Books

Review Of Books In The Street

Do you leave piles of important stuff on top of your car? I do. When I lost a stack of four library books off the hood of my truck (because I couldn’t see them) I realized it might be time to stop using the dash as a shelf. The real horizon is obscured by the artificial escarpment creeping up the windshield. I also realized it was time for a Review of Books In The Street. The only book my neighbor didn’t find later in the day was also the only one I couldn’t get through:


The Elegance of the Hedgehog by Muriel Barbery
Overwrought, pseudo-intellectual “everyone’s a philosopher,” French shit. I wonder if the person who finds this book will like it. Even the title is annoying. When Betty Sprocket turns a phrase with obscure language, I like it; Barbery can go to thesaurus-hell. I don’t think we can blame the translator, either. Europa Editions usually provides better books, like this one.


King of Cool: Tales of A Lurid Life by Darwin Porter
Hollywood Babylon if Hollywood Babylon focused entirely on Steve McQueen. With pictures! Rated X. I think the library isn’t billing me the overdue charges because they don’t want it back. Truly excessive tabloid style details. According to this apparently bona fide story, just about the only person in Hollywood McQueen didn’t sleep with was Ronald Reagan. Read this book to find out why McQueen was on Manson’s hit list and why he survived -or watch this video: http://www.bloodmoonproductions.com/books/Steve-McQueen-King-of-Cool


The Dead Republic by Roddy Doyle
I loved listening to the audio version of the first novel in this trilogy, A Star Called Henry. It’s an ultra-violent chronicle of protagonist Henry Smart’s early years and the early years of the I.R.A. following the Easter Week Rising. This final book neatly wraps up the later years of both Henry Smart and the various factions/descendents of the I.R.A. starting around 1946 and ending in the Thatcher era. The story takes place in John Ford’s Hollywood and in Ireland. Doyle has a way with dialogue that manages to convey much of the story in snappy little bursts. A twisty, historical, sometimes unbelievable tale.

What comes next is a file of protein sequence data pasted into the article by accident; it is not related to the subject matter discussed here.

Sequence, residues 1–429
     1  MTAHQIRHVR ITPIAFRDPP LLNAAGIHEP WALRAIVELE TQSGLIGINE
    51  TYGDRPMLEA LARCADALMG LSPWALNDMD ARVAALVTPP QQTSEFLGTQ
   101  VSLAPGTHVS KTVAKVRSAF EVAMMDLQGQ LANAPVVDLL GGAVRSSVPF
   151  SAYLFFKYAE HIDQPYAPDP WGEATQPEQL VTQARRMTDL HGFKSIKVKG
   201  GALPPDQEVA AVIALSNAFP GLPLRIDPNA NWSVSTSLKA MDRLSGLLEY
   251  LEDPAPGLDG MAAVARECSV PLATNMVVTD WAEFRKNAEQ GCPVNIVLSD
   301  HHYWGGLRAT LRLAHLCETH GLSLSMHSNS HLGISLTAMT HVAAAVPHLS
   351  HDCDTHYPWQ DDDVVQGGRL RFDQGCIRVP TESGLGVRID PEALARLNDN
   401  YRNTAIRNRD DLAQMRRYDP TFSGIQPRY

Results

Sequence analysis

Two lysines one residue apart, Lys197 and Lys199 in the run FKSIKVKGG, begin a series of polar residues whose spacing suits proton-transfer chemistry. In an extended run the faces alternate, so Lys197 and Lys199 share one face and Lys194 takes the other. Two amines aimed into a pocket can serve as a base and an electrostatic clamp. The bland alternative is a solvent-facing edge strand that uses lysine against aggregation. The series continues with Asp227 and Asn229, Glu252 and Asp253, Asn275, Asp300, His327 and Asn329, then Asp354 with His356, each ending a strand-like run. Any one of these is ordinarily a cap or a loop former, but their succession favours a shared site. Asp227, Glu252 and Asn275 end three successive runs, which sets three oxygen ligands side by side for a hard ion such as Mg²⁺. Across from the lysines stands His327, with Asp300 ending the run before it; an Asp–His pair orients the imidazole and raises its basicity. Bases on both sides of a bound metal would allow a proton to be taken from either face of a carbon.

Dreaming In French by Megan McAndrew
This is a novel about a privileged girl growing up in a privileged family among privileged friends in 1980’s Paris. Not much to say about this one. Dad’s detached, mom has an affair, mom gets caught, mom gets stranded in a cold-war jail in Prague, divorce ensues, mom gets cancer, dad marries the Swedish housekeeper, someone sniffs cocaine, there’s a lesbian friend, protagonist gets her period, has lots of sex, leaves Paris, falls in love with the wrong man, becomes successful, then returns to Paris with real feminine confidence. Meh.